Do I Need An SSL Certificate For My Website?
You’ve probably heard of 128-bit encryption, or seen the green address bar of an EV SSL certificate, and you’re wondering "Do I need an SSL certificate on my site?" Most online shoppers are very careful and want to know that their information is safe. Using an SSL certificate provides two important things:
- Encryption of sensitive data like credit card numbers and personal information
- Some assurance to your customers that you are trustworthy (the process of getting an SSL certificate can't guarantee this, but it can make it more likely which is part of the reason why visitors have this perception)
These are very important benefits and, while not all websites require an SSL certificate, it is essential for certain types of sites. To find out if you need an SSL certificate for your site, answer these questions:
Is my site an e-commerce site that collects credit card information?
For most e-commerce sites, you absolutely need an SSL certificate! As an online merchant, it is your responsibility to make sure the information you collect from your customers is protected. This will shield you and your customers by making sure that no one can intercept and misuse their credit card information.
Your customers are providing you with very important and personal information that allows access to their hard earned money. If an identity thief gets access to your customer’s credit card information because you didn’t take the necessary precautions, it can be devastating to you and to your customer. Your customers need to know that you value their security and privacy and are serious about protecting their information. More and more customers are becoming savvy online shoppers and won’t buy from you if you don’t have an SSL certificate installed.
If you accept credit card information and store it in a database so you can process it using an offline POS machine or charge it manually on your merchant account’s website, then you definitely need an SSL certificate to secure the credit card data as it is transferred. You also need to be very careful with the data when it is stored on your servers. Learn more about PCI Compliance and SSL and the requirements of protecting stored credit card information.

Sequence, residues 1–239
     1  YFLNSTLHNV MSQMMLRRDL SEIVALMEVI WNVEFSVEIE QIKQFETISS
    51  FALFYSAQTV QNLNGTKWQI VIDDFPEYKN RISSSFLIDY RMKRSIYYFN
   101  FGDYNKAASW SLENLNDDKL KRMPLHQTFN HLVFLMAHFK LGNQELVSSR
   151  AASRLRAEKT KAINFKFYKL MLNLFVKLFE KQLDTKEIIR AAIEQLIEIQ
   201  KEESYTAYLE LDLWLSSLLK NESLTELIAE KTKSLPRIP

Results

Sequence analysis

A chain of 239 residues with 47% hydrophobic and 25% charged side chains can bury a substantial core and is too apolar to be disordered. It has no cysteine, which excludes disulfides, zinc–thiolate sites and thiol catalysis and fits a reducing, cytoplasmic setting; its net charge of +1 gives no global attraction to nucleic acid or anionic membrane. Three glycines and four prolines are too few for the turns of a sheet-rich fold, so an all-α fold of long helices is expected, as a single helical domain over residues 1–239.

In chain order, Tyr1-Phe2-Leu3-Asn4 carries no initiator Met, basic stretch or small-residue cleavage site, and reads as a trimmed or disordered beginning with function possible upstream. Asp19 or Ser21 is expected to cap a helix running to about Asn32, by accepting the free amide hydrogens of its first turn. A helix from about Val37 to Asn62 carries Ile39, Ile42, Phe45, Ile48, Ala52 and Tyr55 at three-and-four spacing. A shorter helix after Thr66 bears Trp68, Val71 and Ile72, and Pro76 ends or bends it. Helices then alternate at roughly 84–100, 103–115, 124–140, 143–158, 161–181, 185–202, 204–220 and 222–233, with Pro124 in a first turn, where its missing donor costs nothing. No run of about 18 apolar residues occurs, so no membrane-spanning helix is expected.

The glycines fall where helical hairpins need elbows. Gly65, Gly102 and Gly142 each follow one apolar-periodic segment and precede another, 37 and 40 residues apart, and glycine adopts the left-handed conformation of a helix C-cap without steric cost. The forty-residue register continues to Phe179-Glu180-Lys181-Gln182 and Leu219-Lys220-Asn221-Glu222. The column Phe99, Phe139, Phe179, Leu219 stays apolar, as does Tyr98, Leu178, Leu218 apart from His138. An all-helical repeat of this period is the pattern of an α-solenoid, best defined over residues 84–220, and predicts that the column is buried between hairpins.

Do I use a 3rd party payment processor?
If your e-commerce site forwards your visitors to a 3rd party payment processor (like PayPal) to enter the credit card information then you don’t need an SSL certificate because your website won’t touch the credit card information. Just make sure none of the credit card details get entered when the address bar still shows your domain name. Note that PayPal allows you to accept the credit card information on your site or forward visitors to their site. If you accept the credit card information on your site, you need an SSL certificate.
Do I have a login form?
If your users enter a username and password to login to your site without an SSL certificate, an attacker can easily see their username and password in clear text. This would allow someone else to impersonate your visitor, but it allows for a far more dangerous possibility: Because users often use the same password on many sites (including their bank accounts), an attacker can potentially compromise many other accounts. If you let people store a password with you, you must take responsibility for protecting it, even if the security of your own site isn't critical.
It is true that most login forms don’t currently use SSL. This means that most login forms are vulnerable. With the number of cheap SSL certificates available, it is becoming more and more worthwhile to secure login forms. If you want to forego the SSL certificate without having to worry about securing the login information, you can also use OpenID, Facebook Connect, or another technology that lets users log in on a another site and return to your site. Learn more about creating a secure login form.
Do I need my own SSL certificate or can I use a shared SSL certificate?
Many hosting providers will include a shared SSL certificate that you can use instead of buying your own. As long as it doesn’t give any errors on your site, this will be great for securing login information or other sensitive information. However, a shared SSL certificate doesn’t provide as much assurance to your visitors because it doesn’t include your organization or website name in it and may display a warning.
In short, if your website is a collection of pictures of your goldfish Rudy with a small blog and doesn’t require visitors to log in, you probably don't need SSL. If you have a login form or send or receive private customer information, then you need SSL. If you run an e-commerce website where people provide you with credit card information directly on your site, you absolutely need SSL.
Where do I purchase an SSL certificate?
Great! So you’re now sure that you need SSL for your e-commerce or other type of site. How do you know what type of certificate to purchase? Which SSL provider should you buy from? You can find the answers to all your questions about buying an SSL Certificate in the SSL FAQ or by using the SSL Wizard to compare SSL.
Originally posted on Sat Mar 6, 2010